I’ll interrupt the chapter for some comments about the dry bones. This is not actual resurrection out of physical graves. Rather it speaks in figure of the general restoration of Israel in their land at the beginning of the millennium. You see them saying, “Our bones are dry, our hope is lost, and we ourselves are cut off.”  They are not saying this from out of physical graves, but from their spiritual graves scattered among the Gentiles, and as not being acknowledged as Jehovah’s people. And we already know from prophecy that this restoration does not include all the physical descendants of Abraham, not the entire nation. He will bring them from among the nations and plant them in the land. They will know that He is the Lord Jehovah. And one last point here – all will know that this restoration is a sovereign work of God; “Then you shall know that I, the Lord, have spoken it and performed it,” says the Lord.’”

 

Ezekiel 37:15-28  (NKJV)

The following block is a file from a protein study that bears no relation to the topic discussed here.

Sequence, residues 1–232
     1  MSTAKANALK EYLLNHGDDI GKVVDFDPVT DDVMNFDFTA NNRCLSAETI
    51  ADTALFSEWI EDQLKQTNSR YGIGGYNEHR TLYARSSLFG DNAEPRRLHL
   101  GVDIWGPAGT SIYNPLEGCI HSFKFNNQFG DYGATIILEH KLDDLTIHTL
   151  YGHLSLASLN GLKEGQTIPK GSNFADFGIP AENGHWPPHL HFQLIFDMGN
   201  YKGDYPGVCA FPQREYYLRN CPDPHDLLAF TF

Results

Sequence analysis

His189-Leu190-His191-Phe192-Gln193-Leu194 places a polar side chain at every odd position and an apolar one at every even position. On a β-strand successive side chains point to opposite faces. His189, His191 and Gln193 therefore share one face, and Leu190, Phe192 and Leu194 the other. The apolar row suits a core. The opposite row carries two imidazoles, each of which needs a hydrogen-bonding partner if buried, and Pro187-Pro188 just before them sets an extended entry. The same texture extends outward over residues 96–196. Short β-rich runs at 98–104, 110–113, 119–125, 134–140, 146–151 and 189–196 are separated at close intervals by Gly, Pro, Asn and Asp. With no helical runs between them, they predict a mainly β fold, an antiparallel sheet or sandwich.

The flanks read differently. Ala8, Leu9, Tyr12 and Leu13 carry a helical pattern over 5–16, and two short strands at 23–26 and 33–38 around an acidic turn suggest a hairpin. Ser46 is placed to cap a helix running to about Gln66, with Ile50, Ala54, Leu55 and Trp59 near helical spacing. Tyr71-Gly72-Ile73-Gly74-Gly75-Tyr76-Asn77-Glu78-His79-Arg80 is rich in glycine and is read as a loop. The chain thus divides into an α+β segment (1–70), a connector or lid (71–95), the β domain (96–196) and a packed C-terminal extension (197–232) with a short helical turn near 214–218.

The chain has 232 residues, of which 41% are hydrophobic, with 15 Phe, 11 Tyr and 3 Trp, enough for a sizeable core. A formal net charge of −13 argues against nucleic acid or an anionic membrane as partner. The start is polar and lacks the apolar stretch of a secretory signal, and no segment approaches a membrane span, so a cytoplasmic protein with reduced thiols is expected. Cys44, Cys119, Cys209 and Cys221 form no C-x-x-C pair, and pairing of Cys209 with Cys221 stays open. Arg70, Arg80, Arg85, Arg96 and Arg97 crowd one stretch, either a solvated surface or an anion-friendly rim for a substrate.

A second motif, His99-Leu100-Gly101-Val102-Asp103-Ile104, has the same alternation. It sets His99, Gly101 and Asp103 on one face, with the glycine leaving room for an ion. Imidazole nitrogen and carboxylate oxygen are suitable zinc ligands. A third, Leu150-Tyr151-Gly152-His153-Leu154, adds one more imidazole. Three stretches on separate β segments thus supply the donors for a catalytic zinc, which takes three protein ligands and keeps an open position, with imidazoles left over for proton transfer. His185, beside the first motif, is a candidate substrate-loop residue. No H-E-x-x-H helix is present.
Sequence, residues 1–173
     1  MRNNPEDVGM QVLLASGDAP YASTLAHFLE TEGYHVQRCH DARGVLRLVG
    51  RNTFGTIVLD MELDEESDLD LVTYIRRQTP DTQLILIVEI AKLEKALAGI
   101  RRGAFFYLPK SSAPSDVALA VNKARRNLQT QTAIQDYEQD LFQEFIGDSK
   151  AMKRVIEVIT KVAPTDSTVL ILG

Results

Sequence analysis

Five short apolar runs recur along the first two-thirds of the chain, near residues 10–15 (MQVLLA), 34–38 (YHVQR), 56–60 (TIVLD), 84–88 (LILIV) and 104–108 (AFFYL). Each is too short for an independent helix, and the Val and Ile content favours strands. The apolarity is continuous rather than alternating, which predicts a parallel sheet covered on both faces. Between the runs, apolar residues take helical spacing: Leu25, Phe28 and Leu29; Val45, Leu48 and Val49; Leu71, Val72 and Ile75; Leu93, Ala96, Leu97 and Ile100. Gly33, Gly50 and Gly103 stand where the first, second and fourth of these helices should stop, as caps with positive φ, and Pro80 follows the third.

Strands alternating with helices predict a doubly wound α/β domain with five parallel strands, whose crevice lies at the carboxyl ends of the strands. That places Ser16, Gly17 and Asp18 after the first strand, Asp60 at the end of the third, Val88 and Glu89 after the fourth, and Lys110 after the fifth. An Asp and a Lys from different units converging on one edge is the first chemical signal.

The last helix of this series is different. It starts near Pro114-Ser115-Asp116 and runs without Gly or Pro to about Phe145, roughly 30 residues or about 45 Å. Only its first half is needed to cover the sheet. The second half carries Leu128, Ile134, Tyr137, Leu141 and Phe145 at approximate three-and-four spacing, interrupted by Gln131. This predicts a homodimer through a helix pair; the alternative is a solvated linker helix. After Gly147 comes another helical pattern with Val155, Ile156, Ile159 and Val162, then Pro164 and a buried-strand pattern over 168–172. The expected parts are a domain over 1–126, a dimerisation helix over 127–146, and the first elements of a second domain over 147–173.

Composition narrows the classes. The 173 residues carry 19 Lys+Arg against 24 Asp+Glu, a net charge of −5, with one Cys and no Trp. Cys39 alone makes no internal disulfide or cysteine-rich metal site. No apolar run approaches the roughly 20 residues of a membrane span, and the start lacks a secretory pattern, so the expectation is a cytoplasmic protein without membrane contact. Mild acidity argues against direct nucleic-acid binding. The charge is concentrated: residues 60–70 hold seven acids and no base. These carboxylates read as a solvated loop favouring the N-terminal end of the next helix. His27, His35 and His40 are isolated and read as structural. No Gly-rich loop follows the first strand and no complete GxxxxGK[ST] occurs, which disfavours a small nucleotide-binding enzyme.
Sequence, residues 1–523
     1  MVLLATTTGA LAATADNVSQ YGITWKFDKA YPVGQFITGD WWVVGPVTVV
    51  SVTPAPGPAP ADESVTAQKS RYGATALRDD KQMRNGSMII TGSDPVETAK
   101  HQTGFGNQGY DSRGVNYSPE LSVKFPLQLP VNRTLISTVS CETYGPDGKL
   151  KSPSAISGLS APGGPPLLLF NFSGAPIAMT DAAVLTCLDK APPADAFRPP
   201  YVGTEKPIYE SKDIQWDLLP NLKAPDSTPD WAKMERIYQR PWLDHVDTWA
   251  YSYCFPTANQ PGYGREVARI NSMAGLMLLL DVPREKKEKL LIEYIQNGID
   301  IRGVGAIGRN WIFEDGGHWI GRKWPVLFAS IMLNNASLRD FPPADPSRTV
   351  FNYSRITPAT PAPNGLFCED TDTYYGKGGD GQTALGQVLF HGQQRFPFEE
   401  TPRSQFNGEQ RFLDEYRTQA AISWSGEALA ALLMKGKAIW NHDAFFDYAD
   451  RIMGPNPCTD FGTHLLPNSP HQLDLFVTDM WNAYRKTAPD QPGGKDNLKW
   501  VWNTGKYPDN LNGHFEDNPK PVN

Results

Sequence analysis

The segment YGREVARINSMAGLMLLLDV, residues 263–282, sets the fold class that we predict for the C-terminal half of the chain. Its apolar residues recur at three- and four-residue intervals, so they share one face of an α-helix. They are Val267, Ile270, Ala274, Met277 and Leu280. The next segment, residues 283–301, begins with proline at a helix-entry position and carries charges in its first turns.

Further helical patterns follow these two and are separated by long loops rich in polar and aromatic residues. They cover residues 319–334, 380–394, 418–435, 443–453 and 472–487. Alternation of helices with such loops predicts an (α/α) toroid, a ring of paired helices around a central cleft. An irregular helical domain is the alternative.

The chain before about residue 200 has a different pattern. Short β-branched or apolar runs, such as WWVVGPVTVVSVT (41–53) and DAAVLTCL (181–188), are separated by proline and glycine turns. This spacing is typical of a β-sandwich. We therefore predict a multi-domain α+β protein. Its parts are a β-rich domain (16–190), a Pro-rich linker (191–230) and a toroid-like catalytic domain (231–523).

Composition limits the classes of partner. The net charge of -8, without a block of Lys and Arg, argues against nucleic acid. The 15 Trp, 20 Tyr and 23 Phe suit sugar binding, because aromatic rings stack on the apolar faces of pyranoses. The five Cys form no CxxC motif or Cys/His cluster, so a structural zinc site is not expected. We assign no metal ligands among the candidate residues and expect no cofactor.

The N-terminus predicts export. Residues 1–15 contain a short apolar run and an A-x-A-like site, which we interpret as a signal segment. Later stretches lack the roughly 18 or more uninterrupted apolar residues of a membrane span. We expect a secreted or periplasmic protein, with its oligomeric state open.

15 Again the word of the Lord came to me, saying, 16 “As for you, son of man, take a stick for yourself and write on it: ‘For Judah and for the children of Israel, his companions.’ Then take another stick and write on it, ‘For Joseph, the stick of Ephraim, and for all the house of Israel, his companions.’ 17 Then join them one to another for yourself into one stick, and they will become one in your hand. 18 “And when the children of your people speak to you, saying, ‘Will you not show us what you mean by these?’— 19 say to them, ‘Thus says the Lord God: “Surely I will take the stick of Joseph, which is in the hand of Ephraim, and the tribes of Israel, his companions; and I will join them with it, with the stick of Judah, and make them one stick, and they will be one in My hand.”’ 20 And the sticks on which you write will be in your hand before their eyes. 21 “Then say to them, ‘Thus says the Lord God: “Surely I will take the children of Israel from among the nations, wherever they have gone, and will gather them from every side and bring them into their own land; 22 and I will make them one nation in the land, on the mountains of Israel; and one king shall be king over them all; they shall no longer be two nations, nor shall they ever be divided into two kingdoms again. 23 They shall not defile themselves anymore with their idols, nor with their detestable things, nor with any of their transgressions; but I will deliver them from all their dwelling places in which they have sinned, and will cleanse them. Then they shall be My people, and I will be their God. 24 “David My servant shall be king over them, and they shall all have one shepherd; they shall also walk in My judgments and observe My statutes, and do them. 25 Then they shall dwell in the land that I have given to Jacob My servant, where your fathers dwelt; and they shall dwell there, they, their children, and their children’s children, forever; and My servant David shall be their prince forever. 26 Moreover I will make a covenant of peace with them, and it shall be an everlasting covenant with them; I will establish them and multiply them, and I will set My sanctuary in their midst forevermore. 27 My tabernacle also shall be with them; indeed I will be their God, and they shall be My people. 28 The nations also will know that I, the Lord, sanctify Israel, when My sanctuary is in their midst forevermore.”’”